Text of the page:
Photo of Nabila Nujhat

Nabila Nujhat demonstrates reactive ion etching, part of the fabrication process for the combined magnonic and acoustic devices she is developing.

Dressed in clean-room garb — hairnet, safety glasses, lab coat, and gloves — Nabila Nujhat gets to work on creating a device that she hopes will one day be inside her cellphone.

“We are exploring a very new area, so that’s why I am interested in this research,” said Nujhat, an electrical and computer engineering Ph.D. student in the College of Engineering at Oregon State University.

Her field is magnonics, an emerging technology for advanced electronics. Instead of electric currents, magnonic devices use spin waves, waves of magnetization that travel in magnetic materials, to transmit and process signals.

Nujhat is working to combine spin waves with acoustic wave technology, yet another way of transmitting a signal.

Acoustic wave devices are already in your cellphone. The radio wave that your cell phone receives is converted to an acoustic wave for processing. The acoustic wave devices are part of the filters that make sure you are getting calls and texts for your phone only, and not your neighbor’s phone.

It turns out that acoustic wave devices are pretty good at linear tasks, such as selecting the right frequency, but not so good at more complicated processing tasks, such as shifting frequencies and determining the similarity between two signals. Currently, those tasks are done by electronics, but performance could be improved by replacing them with combined magnonic and acoustic devices.

The advantage, as well as challenge, with spin waves and acoustic waves is that they are much slower than radio waves: A sound wave in a device travels just a few millimeters in the same amount of time that a radio wave could travel half a kilometer. As a consequence, the devices Nujhat is developing need to be tiny. Really tiny.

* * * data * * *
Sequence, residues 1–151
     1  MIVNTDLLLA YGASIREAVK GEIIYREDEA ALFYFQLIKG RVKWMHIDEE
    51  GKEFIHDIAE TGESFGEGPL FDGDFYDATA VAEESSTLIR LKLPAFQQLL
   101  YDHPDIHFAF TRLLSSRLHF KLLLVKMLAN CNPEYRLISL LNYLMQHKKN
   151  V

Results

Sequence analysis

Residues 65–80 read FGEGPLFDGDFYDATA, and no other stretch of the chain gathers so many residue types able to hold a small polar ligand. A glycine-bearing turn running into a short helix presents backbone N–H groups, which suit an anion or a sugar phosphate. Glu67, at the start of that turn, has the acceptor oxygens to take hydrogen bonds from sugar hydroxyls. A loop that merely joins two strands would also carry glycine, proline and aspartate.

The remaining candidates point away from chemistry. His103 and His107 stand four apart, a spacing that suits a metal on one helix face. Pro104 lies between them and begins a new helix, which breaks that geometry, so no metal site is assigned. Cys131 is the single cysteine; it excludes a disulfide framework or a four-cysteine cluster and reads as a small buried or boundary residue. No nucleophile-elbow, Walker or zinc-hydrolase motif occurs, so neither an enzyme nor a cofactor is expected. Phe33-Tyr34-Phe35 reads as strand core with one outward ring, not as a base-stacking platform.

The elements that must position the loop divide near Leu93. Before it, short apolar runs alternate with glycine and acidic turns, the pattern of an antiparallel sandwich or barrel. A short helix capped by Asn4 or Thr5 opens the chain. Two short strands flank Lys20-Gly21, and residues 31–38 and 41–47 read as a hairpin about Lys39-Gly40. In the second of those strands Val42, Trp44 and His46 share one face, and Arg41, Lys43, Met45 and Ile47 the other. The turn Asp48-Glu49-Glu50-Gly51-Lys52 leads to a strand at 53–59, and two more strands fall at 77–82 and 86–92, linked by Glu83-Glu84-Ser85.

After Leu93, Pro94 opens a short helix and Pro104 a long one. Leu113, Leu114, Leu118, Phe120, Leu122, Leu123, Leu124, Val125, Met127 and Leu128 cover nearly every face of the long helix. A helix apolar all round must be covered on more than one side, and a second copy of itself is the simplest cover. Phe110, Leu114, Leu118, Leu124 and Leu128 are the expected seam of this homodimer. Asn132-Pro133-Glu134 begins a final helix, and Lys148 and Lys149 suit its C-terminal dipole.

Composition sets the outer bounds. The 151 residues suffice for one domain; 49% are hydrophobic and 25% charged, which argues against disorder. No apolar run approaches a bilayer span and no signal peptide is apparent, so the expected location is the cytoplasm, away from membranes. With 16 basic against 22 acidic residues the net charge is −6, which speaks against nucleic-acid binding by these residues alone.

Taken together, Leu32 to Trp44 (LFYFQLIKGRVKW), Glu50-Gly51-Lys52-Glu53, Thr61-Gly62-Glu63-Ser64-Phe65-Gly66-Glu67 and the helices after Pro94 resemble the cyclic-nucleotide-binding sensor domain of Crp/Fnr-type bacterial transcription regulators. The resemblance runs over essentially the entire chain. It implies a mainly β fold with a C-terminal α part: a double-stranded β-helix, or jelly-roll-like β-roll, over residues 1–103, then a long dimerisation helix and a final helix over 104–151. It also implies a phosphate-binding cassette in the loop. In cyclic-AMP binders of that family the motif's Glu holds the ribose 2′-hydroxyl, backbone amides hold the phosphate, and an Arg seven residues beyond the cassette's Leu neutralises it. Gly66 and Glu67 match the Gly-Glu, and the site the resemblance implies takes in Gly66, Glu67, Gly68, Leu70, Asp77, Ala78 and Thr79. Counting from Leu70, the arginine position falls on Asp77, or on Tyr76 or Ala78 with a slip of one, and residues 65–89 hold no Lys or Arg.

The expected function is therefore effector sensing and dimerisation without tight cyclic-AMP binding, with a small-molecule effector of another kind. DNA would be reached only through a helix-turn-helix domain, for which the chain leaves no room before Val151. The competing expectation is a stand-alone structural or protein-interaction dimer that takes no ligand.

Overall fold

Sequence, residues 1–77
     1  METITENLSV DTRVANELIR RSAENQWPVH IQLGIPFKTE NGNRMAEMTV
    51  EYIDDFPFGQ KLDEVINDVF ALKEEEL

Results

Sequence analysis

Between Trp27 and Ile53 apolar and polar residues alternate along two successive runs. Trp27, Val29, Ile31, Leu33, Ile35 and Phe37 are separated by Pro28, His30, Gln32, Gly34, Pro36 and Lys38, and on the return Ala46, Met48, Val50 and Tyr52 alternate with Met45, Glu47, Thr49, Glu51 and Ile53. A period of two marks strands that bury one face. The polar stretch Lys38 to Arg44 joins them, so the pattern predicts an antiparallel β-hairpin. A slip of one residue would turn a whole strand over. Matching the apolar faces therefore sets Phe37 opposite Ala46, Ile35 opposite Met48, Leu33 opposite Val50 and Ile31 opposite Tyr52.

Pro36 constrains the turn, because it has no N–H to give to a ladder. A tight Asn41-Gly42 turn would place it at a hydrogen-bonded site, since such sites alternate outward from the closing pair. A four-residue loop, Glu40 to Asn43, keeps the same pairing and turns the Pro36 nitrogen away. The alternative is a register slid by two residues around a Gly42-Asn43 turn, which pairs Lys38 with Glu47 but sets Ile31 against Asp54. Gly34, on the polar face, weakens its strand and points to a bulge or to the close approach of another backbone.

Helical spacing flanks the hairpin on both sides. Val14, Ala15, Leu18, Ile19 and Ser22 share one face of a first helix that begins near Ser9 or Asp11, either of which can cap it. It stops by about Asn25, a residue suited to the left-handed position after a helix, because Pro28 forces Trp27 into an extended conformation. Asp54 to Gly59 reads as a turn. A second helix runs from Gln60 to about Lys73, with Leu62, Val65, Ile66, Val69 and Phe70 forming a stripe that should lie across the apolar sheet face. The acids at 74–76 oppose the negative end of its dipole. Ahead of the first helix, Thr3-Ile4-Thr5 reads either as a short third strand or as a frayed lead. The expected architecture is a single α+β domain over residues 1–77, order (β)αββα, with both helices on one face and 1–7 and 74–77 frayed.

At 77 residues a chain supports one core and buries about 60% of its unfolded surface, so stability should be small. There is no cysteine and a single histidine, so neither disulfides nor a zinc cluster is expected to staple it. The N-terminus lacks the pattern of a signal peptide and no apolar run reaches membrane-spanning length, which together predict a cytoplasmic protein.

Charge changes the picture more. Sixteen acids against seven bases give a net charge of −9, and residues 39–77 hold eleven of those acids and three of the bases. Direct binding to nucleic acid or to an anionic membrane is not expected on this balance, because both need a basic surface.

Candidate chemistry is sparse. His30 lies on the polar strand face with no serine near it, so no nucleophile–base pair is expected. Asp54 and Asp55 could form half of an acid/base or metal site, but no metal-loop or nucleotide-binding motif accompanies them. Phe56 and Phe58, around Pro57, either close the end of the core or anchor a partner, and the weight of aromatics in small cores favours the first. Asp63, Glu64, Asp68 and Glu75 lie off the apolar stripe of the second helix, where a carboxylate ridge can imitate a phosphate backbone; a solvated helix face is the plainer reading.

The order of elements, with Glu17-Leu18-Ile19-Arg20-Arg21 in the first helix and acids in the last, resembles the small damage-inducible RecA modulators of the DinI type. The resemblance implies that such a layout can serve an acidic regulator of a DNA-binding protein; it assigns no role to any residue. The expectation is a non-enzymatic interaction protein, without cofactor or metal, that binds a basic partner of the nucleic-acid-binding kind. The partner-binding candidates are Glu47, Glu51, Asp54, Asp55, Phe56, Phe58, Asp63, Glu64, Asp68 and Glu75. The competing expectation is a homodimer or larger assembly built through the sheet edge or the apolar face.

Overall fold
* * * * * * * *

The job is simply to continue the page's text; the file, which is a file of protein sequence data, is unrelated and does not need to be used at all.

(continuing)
“At the present moment all the devices we are developing are in the micrometer or nanometer range,” Nujhat said.

So, the advantage is that the devices can be very small — fitting into wearable technology, for example. The challenge is that creating the devices requires state-of-the-art fabrication technology.

The structures Nujhat makes are designed to create, manipulate, and detect acoustic and spin waves. The whole fabrication process, which takes several steps, can take about a week for the devices she is currently working on. The major processes include depositing the material (often aluminum for this application) onto a silicon wafer, using lithography to transfer a pattern onto the material, and then removing the excess material from the pattern (etching).

Reactive ion etch examples.

For devices so small, she needs sophisticated equipment that can do very precise etching to create patterns of one micrometer width. The clean room at Oregon State is fortunate to be equipped with a reactive ion etch, which uses chemically reactive plasma to do the etching. In fact, the presence of well-equipped labs at Oregon State is one of the reasons Nujhat chose to come here.

“There are many steps involved in device fabrication and characterization, but you have the facilities here to do everything,” Nujhat said.

Nujhat is part of the Applied Magnetics Lab, where she works with other graduate students on exploring how the acoustic and spin waves behave and interact, which helps inform the design of new signal processing devices.

“We are at the beginning of a research area that will be very rich to explore for physics, new materials and, naturally, new devices with compactness, power efficiency and functionality we have not seen before,” said Pallavi Dhagat, director of the Applied Magnetics Lab and associate professor of electrical and computer engineering in the College of Engineering.

Note: The purchase of the reactive ion etch was made possible by a grant from M.J. Murdock Charitable Trust.